Depends how you personally define truck. You define it as a 7000lbs towing vehicle with the ability to go mudding in the weekend…probably not. You like to move some couches and refrigerators 1-2 year, buy mulch at HD, plants, some bags of fertilizer, get out of slippery situations, tow a 3000-4000 trailer, then may be yes. The first generation was a bit more of a truck if only just in looks. Now, really it is just a Pilot with a bed. I like to call it “IL Pilotino”

  • avatar
    DC Bruce

    Unless their size is a real problem where one lives, the argument against a full size pickup is pretty weak. The price and fuel economy differentials between it and the midsize are just not that great. And, if fuel economy is paramount, the 3-liter diesel in the Ram 1500 is unbeatable (until someone puts a similar engine in one of the mid-sizers; even then the difference won’t be that great).
    Much to my surprise, I have to say that, by every measure, my GMC Sierra 1500 has been an impressive vehicle. Only the second Detroit branded vehicle I have owned in my 45 years of vehicle ownership (the first was a 1984 Jeep Wagoneer) and the first pickup truck (although I learned to drive in an International pickup when 1 was 14).

    • 0 avatar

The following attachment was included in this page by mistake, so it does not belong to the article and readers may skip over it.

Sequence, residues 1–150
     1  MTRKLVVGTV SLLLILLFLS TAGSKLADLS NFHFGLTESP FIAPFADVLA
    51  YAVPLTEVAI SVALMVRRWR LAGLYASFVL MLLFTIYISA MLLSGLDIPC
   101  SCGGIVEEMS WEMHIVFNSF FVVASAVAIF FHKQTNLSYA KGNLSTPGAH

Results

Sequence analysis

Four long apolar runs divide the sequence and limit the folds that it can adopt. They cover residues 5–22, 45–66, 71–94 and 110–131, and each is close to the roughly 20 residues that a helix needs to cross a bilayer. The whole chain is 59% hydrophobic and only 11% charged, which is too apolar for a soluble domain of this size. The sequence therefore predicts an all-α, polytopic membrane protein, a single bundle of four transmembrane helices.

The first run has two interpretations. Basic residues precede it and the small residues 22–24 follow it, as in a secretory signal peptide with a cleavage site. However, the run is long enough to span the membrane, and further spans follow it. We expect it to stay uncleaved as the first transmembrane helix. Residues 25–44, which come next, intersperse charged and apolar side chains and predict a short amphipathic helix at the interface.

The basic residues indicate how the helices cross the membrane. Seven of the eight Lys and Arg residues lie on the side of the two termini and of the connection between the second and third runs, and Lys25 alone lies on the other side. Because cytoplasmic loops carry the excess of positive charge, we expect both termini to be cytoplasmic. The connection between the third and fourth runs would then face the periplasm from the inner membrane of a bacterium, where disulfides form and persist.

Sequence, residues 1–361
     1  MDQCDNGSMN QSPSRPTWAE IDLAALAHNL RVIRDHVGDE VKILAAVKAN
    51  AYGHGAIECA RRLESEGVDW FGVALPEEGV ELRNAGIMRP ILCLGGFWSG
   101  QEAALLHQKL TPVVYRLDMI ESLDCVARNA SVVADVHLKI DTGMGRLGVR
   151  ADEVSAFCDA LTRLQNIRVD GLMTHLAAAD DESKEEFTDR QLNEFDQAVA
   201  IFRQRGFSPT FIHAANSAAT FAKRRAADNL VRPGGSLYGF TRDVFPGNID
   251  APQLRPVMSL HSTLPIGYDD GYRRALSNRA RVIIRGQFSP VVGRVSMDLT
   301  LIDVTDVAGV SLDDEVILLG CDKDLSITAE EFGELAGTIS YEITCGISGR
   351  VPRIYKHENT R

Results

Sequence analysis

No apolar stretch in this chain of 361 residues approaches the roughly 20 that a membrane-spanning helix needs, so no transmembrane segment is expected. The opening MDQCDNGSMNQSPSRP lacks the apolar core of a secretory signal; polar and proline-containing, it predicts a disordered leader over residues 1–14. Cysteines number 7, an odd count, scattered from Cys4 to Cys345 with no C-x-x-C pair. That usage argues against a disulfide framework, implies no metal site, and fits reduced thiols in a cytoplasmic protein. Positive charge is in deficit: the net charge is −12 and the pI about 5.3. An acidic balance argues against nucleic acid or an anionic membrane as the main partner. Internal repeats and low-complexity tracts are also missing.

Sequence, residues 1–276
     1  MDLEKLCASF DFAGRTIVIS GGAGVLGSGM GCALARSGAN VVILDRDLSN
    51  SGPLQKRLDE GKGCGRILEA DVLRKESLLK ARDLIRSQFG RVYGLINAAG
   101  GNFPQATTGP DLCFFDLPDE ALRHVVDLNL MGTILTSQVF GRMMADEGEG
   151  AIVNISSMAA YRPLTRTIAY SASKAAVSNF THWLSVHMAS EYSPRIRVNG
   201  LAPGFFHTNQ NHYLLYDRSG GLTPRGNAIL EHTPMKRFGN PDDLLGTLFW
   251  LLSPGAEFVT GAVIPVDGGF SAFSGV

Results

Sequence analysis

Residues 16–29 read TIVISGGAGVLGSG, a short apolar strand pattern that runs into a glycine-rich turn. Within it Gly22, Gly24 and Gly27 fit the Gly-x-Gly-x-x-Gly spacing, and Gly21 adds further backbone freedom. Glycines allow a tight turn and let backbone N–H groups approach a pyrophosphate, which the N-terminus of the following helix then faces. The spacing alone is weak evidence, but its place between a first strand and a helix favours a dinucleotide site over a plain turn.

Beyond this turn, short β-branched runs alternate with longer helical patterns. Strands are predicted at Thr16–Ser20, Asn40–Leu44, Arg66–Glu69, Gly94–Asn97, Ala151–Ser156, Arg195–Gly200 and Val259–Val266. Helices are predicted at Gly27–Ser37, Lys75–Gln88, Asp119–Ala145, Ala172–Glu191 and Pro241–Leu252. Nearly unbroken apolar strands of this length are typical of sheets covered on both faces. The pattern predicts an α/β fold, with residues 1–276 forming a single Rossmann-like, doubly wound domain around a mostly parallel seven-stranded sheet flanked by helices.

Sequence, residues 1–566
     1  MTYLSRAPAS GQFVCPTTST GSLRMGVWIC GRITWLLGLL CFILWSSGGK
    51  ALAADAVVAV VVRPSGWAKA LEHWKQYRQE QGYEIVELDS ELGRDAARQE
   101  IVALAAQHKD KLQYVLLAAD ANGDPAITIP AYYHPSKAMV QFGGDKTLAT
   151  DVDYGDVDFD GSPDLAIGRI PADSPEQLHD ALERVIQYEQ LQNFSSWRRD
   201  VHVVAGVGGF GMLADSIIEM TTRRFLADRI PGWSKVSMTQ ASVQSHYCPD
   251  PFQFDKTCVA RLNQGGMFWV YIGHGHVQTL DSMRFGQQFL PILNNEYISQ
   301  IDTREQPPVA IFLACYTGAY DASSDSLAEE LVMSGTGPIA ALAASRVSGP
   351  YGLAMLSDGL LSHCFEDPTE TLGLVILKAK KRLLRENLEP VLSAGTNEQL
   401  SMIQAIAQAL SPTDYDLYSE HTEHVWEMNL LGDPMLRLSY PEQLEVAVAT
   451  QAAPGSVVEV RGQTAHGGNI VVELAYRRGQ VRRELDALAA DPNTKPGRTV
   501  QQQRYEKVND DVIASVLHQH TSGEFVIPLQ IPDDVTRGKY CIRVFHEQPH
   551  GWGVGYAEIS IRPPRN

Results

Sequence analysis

srh

      The interesting thing is, the same calculus tends to favor 3/4 and full-ton pickup trucks over their half-ton brethren.

      I can find a similarly equipped F-250 for lower MSRP than an F-150 (for some definition of “similarly equipped”), and the incentives are often better. It’s very easy to start out looking at a mid-size Colorado and suddenly find yourself wondering if the better half would have any problems parking an F-250 CC. Of course being a gentleman I’d get the 6.75′ bed to make life easier for her.

      The difference there is fuel economy; while mid-size to half-ton you /may/ lose 1 or 2 MPG, stepping up to a 6.2L in a Superduty drops you another 4-5. But with my recent purchase I figured it would take several years before that difference in mileage would equalize the price of the trucks.